Pumpkins are great seasonal decorations that you can purchase to help local agriculture.
Looking back throughout history, there are many references to pumpkins.
The name pumpkin originated from the Greek word, "Pepon," which means large melon.
As the word spread throughout different cultures, it was transformed to "Pompon," by the French, "Pumpion," by the English and finally pumpkin by the American colonist.
Pumpkins have been referenced in numerous works of art, including Shakespeare's "Merry Wives of Windsor," "The Legend of Sleepy Hollow," and "Cinderella."
Most often, when you ask someone what they know about pumpkins, the first thing they will say is that they are used to make jack-o-lanterns.
The practice of making jack-o-lanterns for Halloween has been done for centuries.
Ultimately, the practice of making jack-o-lanterns originated from an Irish myth about "Stingy Jack."
Here are some helpful hints if you are thinking about carving a jack-o-lantern with your family or friends.
For starters, only purchase pumpkins with a stem.
If there is no stem, it will not last as long.
However, do not carry the pumpkin by the stem because it could break off.
When selecting a pumpkin, try to avoid one with holes, cuts or soft spots, as these will eventually cause rot.
For longer lasting pumpkins, select one with a darker orange colored skin.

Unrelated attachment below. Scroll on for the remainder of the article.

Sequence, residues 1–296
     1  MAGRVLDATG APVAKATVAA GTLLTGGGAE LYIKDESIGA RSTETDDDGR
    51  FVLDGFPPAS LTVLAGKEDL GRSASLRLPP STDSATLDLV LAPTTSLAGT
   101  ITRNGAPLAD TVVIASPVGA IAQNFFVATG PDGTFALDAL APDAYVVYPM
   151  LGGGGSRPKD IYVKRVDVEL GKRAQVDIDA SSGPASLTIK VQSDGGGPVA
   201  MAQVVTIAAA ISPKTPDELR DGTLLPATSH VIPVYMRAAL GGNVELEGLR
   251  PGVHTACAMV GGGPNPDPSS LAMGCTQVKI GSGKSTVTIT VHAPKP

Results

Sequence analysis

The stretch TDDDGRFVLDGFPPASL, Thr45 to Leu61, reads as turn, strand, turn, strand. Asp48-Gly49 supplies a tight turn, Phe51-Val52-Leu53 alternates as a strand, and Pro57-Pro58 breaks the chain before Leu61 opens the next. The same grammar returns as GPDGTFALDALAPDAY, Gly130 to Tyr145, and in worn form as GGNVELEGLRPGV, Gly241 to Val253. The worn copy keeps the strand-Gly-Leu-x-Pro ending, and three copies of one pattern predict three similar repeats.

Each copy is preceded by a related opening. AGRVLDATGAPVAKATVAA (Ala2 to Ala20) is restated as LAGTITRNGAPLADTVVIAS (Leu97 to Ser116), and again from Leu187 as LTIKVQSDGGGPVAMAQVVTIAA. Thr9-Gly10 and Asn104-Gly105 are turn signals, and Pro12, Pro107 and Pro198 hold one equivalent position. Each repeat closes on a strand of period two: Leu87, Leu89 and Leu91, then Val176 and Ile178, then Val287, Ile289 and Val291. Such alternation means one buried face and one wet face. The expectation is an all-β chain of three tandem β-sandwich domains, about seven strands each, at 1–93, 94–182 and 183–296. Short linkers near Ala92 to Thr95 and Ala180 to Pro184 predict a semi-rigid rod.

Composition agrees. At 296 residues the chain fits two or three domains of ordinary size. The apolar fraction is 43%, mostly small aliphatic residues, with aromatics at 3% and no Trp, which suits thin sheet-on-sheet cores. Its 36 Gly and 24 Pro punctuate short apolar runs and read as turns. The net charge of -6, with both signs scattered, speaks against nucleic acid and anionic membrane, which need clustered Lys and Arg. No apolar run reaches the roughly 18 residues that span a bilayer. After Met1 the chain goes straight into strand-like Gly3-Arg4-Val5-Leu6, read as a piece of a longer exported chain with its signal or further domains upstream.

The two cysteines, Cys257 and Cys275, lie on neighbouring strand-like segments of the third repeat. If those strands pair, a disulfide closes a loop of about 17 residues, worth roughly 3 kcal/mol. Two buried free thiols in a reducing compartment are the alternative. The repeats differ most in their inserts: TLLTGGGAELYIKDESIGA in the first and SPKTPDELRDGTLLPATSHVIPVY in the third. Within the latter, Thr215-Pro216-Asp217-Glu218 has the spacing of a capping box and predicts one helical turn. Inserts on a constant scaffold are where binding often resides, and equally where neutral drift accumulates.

Please note that lighter colored pumpkins are easier to carve.
Once you have the pumpkin home, you should wash it with warm water and allow it to dry before carving.
When you carve, save the seeds as they as an excellent source of phosphorus.
There are actually two ways to process seeds: Drying and roasting.
Please remember before drying or roasting the seeds, you should carefully wash them.
Be as creative as possible when carving your pumpkin.
If children are involved, remember to closely watch them so they do not cut themselves using the knife.
Even the small knives that come in pumpkin carving kits can create an open wound if used improperly.
Once you have the pumpkin carved, coat the inside with petroleum jelly.
By doing so, the pumpkin should last longer.
As always, if you have any questions or would like information on any agriculture, horticulture or natural resource topic, then please contact your local Purdue Extension Office at 448-9041 in Clay County or 812-829-5020 in Owen County, or reach me directly at firstname.lastname@example.org.
Purdue University is an equal opportunity/equal access/affirmative action institution.
Upcoming opportunities available to you through Purdue Extension include:
* Oct. 8 -- Extension office closed due to county holiday,
* Oct. 13 -- Owen County Extension Board annual dinner,
* Oct. 13 -- Adventures in Gardening, 8:30 a.m.-3 p.m., Hendricks County Fairgrounds. Cost is $45. Call 317-745-9260 to register,
* Oct. 16 -- Area PCARET Meeting,
* Oct. 20 -- Ohio Valley Garden Conference, 7 a.m.-4 p.m., Evansville. Cost is $42. Call 812-963-5577 to register,
* Oct. 29 -- Clay County Extension Board meeting, Clay County Extension Office, and
* Oct. 31 -- Clay County Extension Office closed.